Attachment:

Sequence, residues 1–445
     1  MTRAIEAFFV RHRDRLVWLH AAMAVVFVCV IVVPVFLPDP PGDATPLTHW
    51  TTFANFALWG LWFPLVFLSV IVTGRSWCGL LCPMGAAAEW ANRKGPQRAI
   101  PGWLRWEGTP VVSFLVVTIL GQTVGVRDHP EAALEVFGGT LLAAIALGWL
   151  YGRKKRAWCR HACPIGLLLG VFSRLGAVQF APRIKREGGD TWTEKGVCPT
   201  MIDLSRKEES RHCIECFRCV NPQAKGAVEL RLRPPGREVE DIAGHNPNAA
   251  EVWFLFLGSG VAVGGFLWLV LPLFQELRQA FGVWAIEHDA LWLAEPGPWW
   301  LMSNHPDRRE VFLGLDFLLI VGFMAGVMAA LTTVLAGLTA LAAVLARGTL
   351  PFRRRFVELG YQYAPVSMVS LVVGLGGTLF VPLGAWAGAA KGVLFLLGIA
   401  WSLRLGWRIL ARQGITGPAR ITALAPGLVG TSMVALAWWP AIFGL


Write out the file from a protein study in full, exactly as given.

Sequence, residues 1–445
     1  MTRAIEAFFV RHRDRLVWLH AAMAVVFVCV IVVPVFLPDP PGDATPLTHW
    51  TTFANFALWG LWFPLVFLSV IVTGRSWCGL LCPMGAAAEW ANRKGPQRAI
   101  PGWLRWEGTP VVSFLVVTIL GQTVGVRDHP EAALEVFGGT LLAAIALGWL
   151  YGRKKRAWCR HACPIGLLLG VFSRLGAVQF APRIKREGGD TWTEKGVCPT
   201  MIDLSRKEES RHCIECFRCV NPQAKGAVEL RLRPPGREVE DIAGHNPNAA
   251  EVWFLFLGSG VAVGGFLWLV LPLFQELRQA FGVWAIEHDA LWLAEPGPWW
   301  LMSNHPDRRE VFLGLDFLLI VGFMAGVMAA LTTVLAGLTA LAAVLARGTL
   351  PFRRRFVELG YQYAPVSMVS LVVGLGGTLF VPLGAWAGAA KGVLFLLGIA
   401  WSLRLGWRIL ARQGITGPAR ITALAPGLVG TSMVALAWWP AIFGL